More than 31,000 in 2024: Spectacular rise in centenarians in France

Women in particular are living longer, a new report shows

Women are more likely to reach centenarian and supercentenarian ages, the study said
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France is seeing a “spectacular rise” in the number of centenarians and supercentenarians (more than 110 years old), new demographic figures show.

“Since the middle of the 20th century, and more particularly since the beginning of the 21st century, the number of centenarians has increased remarkably”, states a report from the Institut national d'études démographiques (INED), published on April 24.

There were just 200 people aged over 100 in France in 1950. This has since risen to:

  • 1970: 1,000 people

  • 2000: More than 8,000

  • 2024: More than 31,000

The rise of supercentenarians is also stark: in 1987, no-one of this age (over 110) had been recorded, but by 2024, there were 39 of them in France (including the overseas territories).

The report adds: “Assuming that current mortality trends continue, [national statistics bureau] INSEE predicts that there will be more than 200,000 centenarians in 2070.”

INED said that the numbers show “a spectacular explosion” in the number of centenarians (although it admits that they still account for less than 0.15% of the population in comparison to the 600,000 deaths every year in France).

What is leading to this longer life?

The rise can be explained by factors such as a drop in infant mortality, improved healthcare and medical advances, and comes amid rising life expectancy across much of the world.

Typically in France, the average life expectancy for women is 85.7, compared to 80 for men.

Women are more likely to reach centenarian and supercentenarian ages. 

INED figures show that in 2020, 843 women died at age 105 or older, compared to 81 men. Similarly, of the 39 supercentenarians who died in 2022, 38 were women.

“This impressive ratio is entirely due to excess male mortality, which prevails throughout life, particularly at working ages, and which reduces the number of male generations by the same amount as their female counterparts,” said INED.

Laurent Toussaint, a specialist in supercentenarians, told the AFP that many women who live to age 110 or over typically worked in “quite tough jobs, in the fresh air (such as farming) and have a diet based on healthy food”.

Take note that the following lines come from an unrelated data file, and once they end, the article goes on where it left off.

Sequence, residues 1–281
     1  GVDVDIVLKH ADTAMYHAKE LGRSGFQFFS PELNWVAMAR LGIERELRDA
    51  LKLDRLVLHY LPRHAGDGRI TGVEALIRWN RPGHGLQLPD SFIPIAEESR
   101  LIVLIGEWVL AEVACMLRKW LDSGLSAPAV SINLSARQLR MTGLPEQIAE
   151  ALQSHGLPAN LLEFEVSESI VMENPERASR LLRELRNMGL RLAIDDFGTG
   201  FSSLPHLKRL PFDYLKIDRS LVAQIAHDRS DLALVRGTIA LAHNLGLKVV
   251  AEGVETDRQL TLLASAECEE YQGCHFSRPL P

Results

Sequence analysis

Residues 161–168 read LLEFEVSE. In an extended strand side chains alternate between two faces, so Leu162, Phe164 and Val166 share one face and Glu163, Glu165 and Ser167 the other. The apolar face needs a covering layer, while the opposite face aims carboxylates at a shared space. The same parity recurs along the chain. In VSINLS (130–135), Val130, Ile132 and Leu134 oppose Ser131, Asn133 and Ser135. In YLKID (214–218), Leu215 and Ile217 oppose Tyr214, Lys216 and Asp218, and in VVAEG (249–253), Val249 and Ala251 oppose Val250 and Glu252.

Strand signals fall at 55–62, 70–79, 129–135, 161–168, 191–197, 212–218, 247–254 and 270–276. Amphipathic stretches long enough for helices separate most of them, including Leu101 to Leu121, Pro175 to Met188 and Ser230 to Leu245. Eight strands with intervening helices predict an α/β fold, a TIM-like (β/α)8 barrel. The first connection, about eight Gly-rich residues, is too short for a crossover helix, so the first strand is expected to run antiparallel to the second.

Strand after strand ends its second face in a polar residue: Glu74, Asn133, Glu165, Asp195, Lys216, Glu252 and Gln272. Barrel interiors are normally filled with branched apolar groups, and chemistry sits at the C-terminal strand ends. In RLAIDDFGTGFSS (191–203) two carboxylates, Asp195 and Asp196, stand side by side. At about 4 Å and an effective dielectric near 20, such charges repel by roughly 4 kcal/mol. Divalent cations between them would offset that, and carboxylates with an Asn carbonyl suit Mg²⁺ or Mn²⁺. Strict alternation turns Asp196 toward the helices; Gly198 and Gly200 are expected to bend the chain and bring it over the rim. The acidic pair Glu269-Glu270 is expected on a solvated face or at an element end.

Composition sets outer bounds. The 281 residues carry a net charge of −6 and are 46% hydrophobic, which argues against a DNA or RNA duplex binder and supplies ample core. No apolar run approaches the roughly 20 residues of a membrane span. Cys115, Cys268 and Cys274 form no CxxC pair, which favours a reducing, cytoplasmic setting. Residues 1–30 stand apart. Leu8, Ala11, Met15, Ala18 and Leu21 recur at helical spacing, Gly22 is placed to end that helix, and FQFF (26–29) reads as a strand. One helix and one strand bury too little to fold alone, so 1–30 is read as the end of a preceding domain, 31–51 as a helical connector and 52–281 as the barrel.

Antilles also overrepresented

The study also found that the French overseas territories of Guadeloupe and Martinique (the ‘Antilles’ or French West Indies) have almost eight times’ more supercentenarian women than mainland France.

It said that this difference was “even more surprising” given that these territories have lower life expectancy than France (Guadeloupe has 83.5 and Martinique 82.8, compared to 85.7).

Researchers said that this could be due to factors such as the climate, lifestyle, diet and the fact that the territories are islands. This means they have factors in common with many so-called ‘Blue Zones’, which include Sardinia in Italy, Ikaria in Greece, and Okinawa in Japan. 

Residents of these zones are known for their longevity and have long been studied by researchers looking for clues to why locals live so long.

Antilles ‘robust descendants’

Yet, the other French island territory of La Réunion does not have similar statistics, leading researchers to hypothesise that the Antilles’ tragic history could have made a considerable difference to their descendants’ longevity.

Namely, the majority of the population of the Antilles is made up of “descendants of slaves who suffered during the slave trade, including the very deadly Atlantic crossing”, the study said. 

This means that people who survived the journey were “more robust”, and in turn had more robust, longer-living descendants, it suggested. Genealogical studies have already shown that half of the supercentenarians in the Antilles are all “descendants of slaves”, INED said.

However, researchers admit that this in only a theory.

“We're walking on eggshells a bit with this subject,” said France Meslé, director of research at INED and co-author of the study, to Le Parisien. “Genetic tests would have to be carried out to be able to prove it.”